|Expert Opin Drug Discov (2011) 6:1-16|
|Northeast Structural Genomics Consortium|
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Introduction: X-ray crystallography provides the majority of our structural biological knowledge at a molecular level and, in terms of pharmaceutical design, is a valuable tool to accelerate discovery. ...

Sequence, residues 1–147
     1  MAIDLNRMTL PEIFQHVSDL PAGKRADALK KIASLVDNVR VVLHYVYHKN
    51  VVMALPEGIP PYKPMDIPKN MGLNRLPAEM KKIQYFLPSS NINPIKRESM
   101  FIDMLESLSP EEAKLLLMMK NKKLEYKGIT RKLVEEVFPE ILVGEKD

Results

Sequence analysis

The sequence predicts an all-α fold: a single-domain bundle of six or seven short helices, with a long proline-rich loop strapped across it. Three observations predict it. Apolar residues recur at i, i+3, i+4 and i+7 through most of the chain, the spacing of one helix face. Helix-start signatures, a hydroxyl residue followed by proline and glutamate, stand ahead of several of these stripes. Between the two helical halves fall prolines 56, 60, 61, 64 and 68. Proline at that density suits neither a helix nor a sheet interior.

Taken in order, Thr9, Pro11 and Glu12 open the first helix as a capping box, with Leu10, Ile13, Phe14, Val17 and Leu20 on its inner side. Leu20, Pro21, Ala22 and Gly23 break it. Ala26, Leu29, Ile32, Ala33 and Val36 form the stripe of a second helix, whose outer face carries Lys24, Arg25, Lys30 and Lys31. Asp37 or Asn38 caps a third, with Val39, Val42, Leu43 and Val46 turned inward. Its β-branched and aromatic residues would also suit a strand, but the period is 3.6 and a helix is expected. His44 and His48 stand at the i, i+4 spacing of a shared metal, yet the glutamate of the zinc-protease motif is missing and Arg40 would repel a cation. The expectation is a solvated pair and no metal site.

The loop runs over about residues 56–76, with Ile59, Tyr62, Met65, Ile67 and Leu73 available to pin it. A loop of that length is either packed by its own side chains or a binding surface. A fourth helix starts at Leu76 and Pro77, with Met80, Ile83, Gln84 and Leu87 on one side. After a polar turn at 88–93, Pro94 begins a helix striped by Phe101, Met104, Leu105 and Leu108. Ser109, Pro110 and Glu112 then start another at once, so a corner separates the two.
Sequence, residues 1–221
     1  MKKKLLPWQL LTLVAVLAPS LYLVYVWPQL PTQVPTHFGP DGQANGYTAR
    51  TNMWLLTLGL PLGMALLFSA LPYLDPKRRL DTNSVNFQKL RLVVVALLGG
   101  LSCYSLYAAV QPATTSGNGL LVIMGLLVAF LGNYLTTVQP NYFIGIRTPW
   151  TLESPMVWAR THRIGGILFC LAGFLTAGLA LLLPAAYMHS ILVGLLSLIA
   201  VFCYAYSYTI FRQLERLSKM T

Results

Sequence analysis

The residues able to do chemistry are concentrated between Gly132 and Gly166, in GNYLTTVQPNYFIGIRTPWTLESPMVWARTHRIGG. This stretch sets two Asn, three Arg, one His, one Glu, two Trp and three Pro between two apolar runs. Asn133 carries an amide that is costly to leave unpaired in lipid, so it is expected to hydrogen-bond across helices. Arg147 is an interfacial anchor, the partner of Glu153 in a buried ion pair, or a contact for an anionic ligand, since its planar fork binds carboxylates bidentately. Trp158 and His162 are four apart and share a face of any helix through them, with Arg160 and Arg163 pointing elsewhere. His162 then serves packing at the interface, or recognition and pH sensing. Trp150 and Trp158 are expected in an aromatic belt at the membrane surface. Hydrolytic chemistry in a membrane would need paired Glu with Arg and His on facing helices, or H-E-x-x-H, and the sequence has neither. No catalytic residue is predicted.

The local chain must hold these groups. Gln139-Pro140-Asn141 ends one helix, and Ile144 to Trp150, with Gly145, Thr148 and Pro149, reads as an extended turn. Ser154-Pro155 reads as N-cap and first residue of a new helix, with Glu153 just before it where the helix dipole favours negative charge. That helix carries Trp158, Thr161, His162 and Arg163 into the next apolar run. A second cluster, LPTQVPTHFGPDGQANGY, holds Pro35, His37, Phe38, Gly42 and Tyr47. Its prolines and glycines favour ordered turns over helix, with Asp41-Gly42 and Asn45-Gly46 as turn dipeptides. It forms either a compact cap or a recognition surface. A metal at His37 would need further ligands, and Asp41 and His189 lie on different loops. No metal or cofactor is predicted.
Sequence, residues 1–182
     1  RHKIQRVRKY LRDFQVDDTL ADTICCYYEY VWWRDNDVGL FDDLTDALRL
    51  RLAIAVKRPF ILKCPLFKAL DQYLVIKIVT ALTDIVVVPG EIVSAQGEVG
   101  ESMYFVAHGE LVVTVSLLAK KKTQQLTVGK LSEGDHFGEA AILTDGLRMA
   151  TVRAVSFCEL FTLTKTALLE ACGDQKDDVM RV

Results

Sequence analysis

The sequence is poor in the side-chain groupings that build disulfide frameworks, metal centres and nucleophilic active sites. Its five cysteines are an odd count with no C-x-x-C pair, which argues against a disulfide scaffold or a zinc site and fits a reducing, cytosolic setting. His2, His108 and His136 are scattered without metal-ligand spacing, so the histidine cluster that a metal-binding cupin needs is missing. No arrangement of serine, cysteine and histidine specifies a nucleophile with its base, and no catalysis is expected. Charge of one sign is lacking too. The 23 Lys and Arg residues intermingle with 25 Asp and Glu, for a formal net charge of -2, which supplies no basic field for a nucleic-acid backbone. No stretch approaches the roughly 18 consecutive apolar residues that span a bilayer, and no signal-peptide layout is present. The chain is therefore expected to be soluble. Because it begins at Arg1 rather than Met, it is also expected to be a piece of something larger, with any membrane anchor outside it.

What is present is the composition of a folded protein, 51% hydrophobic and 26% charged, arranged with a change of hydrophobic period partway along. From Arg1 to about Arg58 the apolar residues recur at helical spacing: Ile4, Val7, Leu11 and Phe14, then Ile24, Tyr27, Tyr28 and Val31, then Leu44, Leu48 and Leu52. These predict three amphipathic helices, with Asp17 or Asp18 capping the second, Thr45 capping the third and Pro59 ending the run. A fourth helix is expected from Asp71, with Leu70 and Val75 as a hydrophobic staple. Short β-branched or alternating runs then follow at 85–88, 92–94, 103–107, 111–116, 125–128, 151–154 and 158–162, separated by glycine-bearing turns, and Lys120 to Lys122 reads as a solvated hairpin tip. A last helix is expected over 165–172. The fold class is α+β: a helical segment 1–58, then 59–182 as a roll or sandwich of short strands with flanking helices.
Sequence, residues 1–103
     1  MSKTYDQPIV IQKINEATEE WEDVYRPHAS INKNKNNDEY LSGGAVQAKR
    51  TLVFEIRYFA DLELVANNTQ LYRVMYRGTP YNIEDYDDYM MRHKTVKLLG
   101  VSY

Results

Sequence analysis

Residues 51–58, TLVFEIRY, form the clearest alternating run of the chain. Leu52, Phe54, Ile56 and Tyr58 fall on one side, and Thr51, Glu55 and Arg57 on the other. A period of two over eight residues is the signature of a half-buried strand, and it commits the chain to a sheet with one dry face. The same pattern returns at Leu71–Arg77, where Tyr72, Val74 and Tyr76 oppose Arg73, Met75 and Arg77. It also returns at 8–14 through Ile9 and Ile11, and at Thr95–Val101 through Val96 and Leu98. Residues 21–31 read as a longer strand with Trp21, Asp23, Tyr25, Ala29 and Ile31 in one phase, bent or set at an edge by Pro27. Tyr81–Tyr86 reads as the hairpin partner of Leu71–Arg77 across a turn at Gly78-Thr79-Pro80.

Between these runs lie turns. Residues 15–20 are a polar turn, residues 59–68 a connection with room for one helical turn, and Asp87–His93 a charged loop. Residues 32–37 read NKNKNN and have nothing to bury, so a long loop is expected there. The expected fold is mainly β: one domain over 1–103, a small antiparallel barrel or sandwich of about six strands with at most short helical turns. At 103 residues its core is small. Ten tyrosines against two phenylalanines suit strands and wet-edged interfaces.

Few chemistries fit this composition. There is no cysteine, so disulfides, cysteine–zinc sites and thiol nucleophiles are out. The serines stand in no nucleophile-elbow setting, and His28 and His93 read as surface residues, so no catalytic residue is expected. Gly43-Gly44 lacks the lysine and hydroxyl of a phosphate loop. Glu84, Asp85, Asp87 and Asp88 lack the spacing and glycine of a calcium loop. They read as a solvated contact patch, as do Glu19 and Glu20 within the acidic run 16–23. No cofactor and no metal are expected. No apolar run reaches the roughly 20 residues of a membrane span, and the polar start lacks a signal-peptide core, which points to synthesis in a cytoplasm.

It is the premier technique in the field, but its usefulness is significantly limited by the need to grow well-diffracting crystals. It is for this reason that high-throughput crystallization has become a key technology that has matured over the past 10 years through the field of structural genomics. Areas covered : The authors describe their experiences in high-throughput crystallization screening in the context of structural genomics and the general biomedical community. They focus on the lessons learnt from the operation of a high-throughput crystallization-screening laboratory, which to date has screened over 12,500 biological macromolecules. They also describe the approaches taken to maximize the success while minimizing the effort. Through this, the authors hope that the reader will gain an insight into the efficient design of a laboratory and protocols to accomplish high-throughput crystallization on a single-, multiuser laboratory or industrial scale. Expert opinion : High-throughput crystallization screening is readily available but, despite the power of the crystallographic technique, getting crystals is still not a solved problem. High-throughput approaches can help when used skillfully; however, they still require human input in the detailed analysis and interpretation of results to be more successful.
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